One unit of work is delivered per term across KS3 and KS4 in order to provide students with an enriching and holistic curriculum offer that covers an entire text or theme and makes judicious connections to wider world issues, life lessons and a broad range of pedagogical strategies. This also enables ample time to be dedicated to building students’ long-term retention through recall strategies used on a regular basis.
For KS3, this approach to curriculum design provides challenging, yet scaffolded, measures that will prepare students for their transition into KS4 by developing their disciplinary, substantive and semantic knowledge.
In KS4, the termly structure of the units allows for the breadth and detail required by the AQA specification to be delivered and quality first teaching is guaranteed. To further emphasise this, the English language and literature units that are delivered simultaneously contains substantive knowledge that compliment each other to help solidify students’ schemas.
The English curriculum roadmap serves as a pathway to not only students’ academic success but also their personal growth and development as well-rounded individuals.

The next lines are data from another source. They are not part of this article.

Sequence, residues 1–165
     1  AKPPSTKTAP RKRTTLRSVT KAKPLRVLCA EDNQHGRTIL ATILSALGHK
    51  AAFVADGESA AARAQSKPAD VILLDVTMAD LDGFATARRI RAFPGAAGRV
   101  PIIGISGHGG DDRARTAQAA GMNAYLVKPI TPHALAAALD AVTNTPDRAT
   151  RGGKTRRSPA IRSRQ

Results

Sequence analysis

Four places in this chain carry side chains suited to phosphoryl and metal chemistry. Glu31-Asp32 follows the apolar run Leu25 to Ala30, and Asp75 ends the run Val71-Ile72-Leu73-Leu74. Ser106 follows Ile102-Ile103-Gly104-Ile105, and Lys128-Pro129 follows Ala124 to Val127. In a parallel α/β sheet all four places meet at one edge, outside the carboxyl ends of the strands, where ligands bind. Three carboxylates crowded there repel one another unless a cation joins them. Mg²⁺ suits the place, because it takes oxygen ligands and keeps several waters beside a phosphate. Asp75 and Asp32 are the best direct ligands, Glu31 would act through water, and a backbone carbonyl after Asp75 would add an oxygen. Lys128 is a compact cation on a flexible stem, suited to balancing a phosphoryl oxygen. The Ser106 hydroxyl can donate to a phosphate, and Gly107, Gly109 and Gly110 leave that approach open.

At KS3, students are introduced to writing for different purposes. Students also begin to develop their analytical skills whilst carefully being transitioned from KS2 to secondary education. The class reads that have been selected to study in years 7, 8 and 9 are set to provides students with appropriate challenge due to stretching them to work both within and beyond their zone of proximal development. Albeit reading and writing skills are emphasised at KS3, the English curriculum offer at UCS also complies with the national curriculum framework whereby there is coverage of two Shakespeare plays and ample opportunities for speaking and listening are carefully embedded into units of work. In order to embark students on their journey towards mastery, the curriculum is also sequenced to gradually expose them to a multitude of models, systems and strategies that are consistent across all units of work from years 7-11. Thematically, the English curriculum offer at KS3 makes judicious schematic links to not only later units that are studied in the KS4 English curriculum but also, cross-curricular links to subjects including, but not restricted to, RE, History and Psychology.